CHINA> Interactive and comment
Experts assess impact of agreements across Straits
Updated: 2008-11-05 20:05

BEIJING  -- Experts on both sides of the Taiwan Strait on Wednesday welcomed the agreements to improve relations signed by the two main negotiating bodies from the Chinese mainland and Taiwan.

The mainland's Association for Relations Across the Taiwan Straits (ARATS) president, Chen Yunlin, and the Taiwan-based Straits Exchange Foundation (SEF) chairman, Chiang Pin-kung, on Tuesday signed four agreements on food safety, direct shipping and flights, and mail services.

Yang Lixian, deputy secretary-general of the National Taiwan Studies Society, called the agreements "big breakthroughs", saying the dreams long cherished by people on both sides would soon come true.

She believed the agreements would promote exchanges, and trade and economic cooperation, and facilitate logistics and capital flow.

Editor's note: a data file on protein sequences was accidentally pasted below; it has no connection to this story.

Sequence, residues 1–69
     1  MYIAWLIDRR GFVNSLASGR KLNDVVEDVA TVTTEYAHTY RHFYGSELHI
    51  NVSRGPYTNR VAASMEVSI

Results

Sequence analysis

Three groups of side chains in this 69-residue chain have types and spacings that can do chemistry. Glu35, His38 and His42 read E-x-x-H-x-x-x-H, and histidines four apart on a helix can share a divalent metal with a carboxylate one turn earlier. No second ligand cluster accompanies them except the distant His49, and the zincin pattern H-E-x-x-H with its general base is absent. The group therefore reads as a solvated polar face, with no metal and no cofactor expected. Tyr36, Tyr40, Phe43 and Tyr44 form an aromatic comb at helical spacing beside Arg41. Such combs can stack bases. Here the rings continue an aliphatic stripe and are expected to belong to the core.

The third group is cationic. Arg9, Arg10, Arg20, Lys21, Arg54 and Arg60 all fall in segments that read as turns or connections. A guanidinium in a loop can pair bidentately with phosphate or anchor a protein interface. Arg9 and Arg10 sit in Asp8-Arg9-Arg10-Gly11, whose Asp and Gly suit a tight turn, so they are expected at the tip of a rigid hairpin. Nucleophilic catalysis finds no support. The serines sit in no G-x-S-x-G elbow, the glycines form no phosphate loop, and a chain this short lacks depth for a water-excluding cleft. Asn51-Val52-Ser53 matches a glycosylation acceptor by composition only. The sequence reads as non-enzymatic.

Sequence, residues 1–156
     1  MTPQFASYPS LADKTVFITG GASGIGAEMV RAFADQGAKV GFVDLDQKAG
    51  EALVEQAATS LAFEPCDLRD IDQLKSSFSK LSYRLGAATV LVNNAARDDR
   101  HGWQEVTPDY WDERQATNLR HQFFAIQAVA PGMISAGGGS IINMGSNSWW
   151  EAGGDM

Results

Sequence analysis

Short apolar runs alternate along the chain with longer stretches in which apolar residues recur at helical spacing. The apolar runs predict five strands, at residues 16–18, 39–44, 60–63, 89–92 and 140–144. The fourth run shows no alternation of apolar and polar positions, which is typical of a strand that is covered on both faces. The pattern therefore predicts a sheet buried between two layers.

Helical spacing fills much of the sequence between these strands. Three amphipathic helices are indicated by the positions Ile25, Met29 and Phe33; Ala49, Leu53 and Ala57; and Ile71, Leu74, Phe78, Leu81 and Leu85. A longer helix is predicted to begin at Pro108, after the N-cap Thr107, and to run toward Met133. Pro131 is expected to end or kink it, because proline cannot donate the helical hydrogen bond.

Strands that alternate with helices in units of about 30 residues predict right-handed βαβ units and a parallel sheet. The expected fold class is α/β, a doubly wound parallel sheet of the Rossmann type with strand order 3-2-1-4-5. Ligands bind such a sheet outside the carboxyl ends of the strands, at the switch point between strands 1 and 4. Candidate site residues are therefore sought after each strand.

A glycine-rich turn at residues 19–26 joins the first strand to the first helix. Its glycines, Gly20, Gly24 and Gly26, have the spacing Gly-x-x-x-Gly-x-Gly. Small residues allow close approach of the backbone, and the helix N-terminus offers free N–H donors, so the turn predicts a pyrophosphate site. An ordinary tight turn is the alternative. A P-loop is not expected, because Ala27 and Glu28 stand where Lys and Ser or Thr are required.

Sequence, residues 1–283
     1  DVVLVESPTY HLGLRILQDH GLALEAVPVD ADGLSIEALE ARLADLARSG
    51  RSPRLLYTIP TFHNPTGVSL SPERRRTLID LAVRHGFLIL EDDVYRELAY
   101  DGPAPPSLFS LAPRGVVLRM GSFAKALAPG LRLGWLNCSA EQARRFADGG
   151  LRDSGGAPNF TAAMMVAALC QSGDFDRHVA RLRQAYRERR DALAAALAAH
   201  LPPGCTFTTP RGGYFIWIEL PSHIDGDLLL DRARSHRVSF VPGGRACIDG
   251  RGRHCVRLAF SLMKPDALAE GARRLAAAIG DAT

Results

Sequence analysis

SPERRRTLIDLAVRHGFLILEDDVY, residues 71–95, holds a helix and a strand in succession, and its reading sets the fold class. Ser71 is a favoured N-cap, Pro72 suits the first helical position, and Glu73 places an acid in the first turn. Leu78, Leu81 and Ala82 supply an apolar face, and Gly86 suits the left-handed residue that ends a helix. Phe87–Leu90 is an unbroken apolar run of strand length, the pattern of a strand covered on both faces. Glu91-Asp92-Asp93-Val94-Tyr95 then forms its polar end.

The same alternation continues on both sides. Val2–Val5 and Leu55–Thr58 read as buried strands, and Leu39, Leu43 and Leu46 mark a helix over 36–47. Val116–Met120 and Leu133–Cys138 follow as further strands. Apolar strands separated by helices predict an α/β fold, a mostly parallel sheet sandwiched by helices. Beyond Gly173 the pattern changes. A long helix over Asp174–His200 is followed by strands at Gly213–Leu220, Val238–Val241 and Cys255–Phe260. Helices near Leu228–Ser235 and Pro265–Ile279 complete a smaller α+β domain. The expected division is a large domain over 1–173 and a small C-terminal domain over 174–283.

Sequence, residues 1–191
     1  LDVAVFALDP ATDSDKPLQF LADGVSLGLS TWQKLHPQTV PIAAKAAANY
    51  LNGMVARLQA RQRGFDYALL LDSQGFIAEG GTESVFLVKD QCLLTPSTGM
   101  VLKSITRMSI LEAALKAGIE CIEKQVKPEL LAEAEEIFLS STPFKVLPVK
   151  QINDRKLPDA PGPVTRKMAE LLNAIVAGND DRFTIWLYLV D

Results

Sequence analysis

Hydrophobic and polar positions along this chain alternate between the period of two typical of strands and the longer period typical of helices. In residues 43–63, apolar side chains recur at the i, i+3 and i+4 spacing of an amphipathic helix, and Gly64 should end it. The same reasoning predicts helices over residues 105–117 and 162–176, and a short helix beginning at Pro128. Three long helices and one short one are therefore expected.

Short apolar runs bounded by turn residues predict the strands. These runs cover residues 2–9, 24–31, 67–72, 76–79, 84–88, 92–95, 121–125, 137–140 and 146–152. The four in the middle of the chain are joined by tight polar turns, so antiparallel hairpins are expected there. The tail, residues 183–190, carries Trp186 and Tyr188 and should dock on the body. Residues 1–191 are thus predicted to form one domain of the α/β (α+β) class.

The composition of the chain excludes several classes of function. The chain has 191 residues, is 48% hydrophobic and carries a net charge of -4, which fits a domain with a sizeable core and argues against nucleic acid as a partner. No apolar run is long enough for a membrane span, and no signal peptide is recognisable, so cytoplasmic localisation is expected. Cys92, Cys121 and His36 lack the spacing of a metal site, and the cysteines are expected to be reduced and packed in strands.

"We can expect more mainland tourists to visit Taiwan and easier communication," she said, adding the closer contacts would enhance understanding and resolve differences.

The agreements benefited Taiwan especially, by improving economic competitiveness, drawing foreign investment and enhancing public confidence, she said.

Chen's visit to Taiwan also signified that a regular cross-strait consultation process had begun and mutual trust had improved, which would help resolve future problems, she said.

Chang Wu-ueh, an expert on mainland studies from Taiwan's Tamkang University, said the agreements were the most notable achievements since the two sides began contacts more than 20 years ago and would have a far-reaching impact on relations.

They set an indicator for regular consultations across the strait and gave the world a positive signal on regional peace, he said.

The agreements would benefit the public and those in the sea and air transport industries and help enterprises reduce costs, he said.

Founded in 1991 and 1990 respectively, the ARATS and SEF are authorized by the mainland and Taiwan to handle cross-Strait civilian exchanges. Negotiations were suspended for almost 10 years until June, when Chen and Chiang held their first meeting in Beijing.